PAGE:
notes from the outernet





The team at Australian firm March Studioare currently finishing work on this amazing interior staircase for the Japanese-inspired Nishi building in Canberra, Australia. The building is billed as “Australia’s most radically sustainable mixed-use building and apartment complex,” and if this interior treatment is any indication, it seems they might have achieved that goal. The stairwell and ceiling is constructed from thousands of repurposed boards taken from old homes, a basketball court, as well as remnants from the construction site of the Nishi building itself. Although it looks somewhat chaotic, every single board and suspension rod was designed and placed before construction began. You can see much more at the Hotel Hotel Blog.

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Nishi Building Entryway

May 20, 2014 comments →


At Hangar Bicocca, Tomás Saraceno has created On Space Time Foam, a floating structure consisting of three levels of transparent film that can be accessed by the public. It takes inspiration from the cubic shape of the exhibition space. The work required months of preparation and experimentation with a multidisciplinary team of architects and engineers, and it will have its natural continuation in an important project the artist will work on during a residency period at MIT, the Massachusetts Institute of Technology in Cambridge (MA).

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Tomás Saraceno’s On Space Time Foam

March 10, 2014 comments →


Through a kind of architectural anthropomorphism, Henrique Oliveira reveals the building’s structure. At Palais de Tokyo, he plays on the space’s existing and structuring features, prolonging and multiplying pillars in order to endow them with a vegetable and organic dimension, as though the building were coming alive. The artist draws inspiration from medical textbooks, amongst others, and particularly from studies of physical pathologies such as tumors. Through a formal analogy, these outgrowths evoke the outermost layers of the bark of a common tree.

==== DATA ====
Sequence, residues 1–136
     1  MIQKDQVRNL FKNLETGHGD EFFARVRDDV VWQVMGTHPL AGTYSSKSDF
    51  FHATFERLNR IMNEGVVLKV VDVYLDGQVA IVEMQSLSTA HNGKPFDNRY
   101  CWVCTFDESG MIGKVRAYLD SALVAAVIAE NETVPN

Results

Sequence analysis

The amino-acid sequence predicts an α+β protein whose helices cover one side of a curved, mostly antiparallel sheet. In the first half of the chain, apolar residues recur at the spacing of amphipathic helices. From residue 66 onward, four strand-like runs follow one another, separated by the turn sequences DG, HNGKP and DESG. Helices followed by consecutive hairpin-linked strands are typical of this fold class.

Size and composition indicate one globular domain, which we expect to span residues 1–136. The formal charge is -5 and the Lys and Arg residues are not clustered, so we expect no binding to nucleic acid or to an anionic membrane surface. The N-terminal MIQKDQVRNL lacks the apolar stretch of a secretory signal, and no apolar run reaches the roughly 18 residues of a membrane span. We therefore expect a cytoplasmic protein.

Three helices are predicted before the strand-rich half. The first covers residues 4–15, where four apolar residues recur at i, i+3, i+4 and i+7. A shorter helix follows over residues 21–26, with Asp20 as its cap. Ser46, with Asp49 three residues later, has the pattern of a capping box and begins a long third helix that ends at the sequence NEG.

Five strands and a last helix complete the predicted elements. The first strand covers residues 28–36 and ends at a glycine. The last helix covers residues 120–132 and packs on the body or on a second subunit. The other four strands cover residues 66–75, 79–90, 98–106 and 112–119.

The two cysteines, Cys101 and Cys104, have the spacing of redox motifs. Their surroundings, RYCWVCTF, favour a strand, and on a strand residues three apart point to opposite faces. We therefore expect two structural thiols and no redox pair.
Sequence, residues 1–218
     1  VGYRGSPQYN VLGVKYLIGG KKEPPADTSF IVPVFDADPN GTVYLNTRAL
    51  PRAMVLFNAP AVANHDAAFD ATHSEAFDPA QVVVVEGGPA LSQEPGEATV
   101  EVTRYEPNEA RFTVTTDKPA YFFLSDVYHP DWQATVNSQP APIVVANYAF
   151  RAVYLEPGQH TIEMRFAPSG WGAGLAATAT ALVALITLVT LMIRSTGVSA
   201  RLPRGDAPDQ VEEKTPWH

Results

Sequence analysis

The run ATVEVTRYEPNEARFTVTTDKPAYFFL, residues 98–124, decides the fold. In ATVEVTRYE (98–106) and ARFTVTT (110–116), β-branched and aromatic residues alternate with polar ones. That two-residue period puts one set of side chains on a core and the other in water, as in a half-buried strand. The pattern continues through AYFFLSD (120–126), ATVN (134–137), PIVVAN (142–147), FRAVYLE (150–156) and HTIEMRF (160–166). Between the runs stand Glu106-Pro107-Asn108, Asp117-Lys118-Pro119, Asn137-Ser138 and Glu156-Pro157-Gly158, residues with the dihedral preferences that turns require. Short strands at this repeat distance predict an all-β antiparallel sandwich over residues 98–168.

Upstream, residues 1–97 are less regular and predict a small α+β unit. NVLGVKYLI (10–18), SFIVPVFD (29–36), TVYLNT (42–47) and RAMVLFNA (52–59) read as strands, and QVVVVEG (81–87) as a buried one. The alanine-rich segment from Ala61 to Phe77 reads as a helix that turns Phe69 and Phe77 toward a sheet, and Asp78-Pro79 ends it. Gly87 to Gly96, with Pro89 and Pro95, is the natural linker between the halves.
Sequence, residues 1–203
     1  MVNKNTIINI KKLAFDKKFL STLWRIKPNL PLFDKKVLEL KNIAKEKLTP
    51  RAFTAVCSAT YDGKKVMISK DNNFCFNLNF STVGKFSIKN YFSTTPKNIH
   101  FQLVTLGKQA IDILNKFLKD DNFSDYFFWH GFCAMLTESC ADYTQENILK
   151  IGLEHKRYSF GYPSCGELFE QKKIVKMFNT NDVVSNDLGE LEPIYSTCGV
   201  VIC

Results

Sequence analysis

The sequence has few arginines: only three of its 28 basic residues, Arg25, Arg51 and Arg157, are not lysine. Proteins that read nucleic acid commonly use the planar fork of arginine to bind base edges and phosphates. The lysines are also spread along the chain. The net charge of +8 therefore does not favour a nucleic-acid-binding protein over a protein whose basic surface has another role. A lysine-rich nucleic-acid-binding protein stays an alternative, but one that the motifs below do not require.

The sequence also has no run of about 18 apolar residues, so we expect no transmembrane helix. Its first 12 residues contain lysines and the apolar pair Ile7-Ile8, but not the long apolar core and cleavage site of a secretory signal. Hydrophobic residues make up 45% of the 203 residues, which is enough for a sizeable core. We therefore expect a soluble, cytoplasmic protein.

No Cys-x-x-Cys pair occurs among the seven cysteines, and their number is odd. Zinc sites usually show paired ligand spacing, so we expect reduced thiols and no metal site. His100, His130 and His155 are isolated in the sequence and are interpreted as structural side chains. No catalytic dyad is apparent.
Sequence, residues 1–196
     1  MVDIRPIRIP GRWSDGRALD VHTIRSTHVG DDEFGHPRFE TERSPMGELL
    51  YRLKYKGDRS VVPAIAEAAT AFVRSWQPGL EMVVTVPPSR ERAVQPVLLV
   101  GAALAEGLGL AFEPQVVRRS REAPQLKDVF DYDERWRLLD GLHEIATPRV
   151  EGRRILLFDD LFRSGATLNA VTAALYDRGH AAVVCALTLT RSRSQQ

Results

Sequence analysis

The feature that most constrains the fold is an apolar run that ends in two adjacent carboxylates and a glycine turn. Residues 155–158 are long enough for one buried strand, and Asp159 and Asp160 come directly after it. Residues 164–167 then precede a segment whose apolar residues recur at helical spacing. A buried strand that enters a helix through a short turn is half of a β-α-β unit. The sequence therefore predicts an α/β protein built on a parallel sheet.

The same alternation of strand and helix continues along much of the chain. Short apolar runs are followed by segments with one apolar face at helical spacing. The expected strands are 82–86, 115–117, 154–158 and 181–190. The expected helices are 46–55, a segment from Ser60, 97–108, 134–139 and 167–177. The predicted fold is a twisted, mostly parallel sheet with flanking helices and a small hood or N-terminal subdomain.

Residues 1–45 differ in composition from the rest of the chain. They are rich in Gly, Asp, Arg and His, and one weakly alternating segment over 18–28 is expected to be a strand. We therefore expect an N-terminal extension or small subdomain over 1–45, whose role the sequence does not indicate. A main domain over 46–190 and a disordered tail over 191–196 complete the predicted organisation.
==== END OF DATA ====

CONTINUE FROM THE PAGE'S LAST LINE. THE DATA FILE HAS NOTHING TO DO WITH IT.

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Architectural Columns at the Palais de Tokyo

March 6, 2014 comments →



When the volume deflates, the ropes get loose and lay on the ground enabling compression of the installation. When the object inflates, the ropes tense to a perfect line again, strained enough to carry the weight of a human being. Bodies entrapped in 3D grid, flying in unnatural positions throughout superficial white space, resemble Dadaist collages. Impossibility of perception of scale and direction results in simultaneous feeling of immenseness and absence of space.

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A Massive Inflatable String Jungle Gym

February 25, 2014 comments →



Olaf Breuning uses the first tracks made by skiers as his influence to paint in bright vivid colors on the snowy mountainside in Gstaad, Switzerland. Elevation1049, Breuning’s new work, is a series of site-specific exhibitions set in the Alpines. Gambling with the unpredictable nature of nature, Breuning uses food coloring to paint on the mountainside, splashing the colors on to the snow, performing these snow drawings, and witnessing the evolution his art makes with the weather.

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Olaf Breuning Colors the Mountain

February 18, 2014 comments →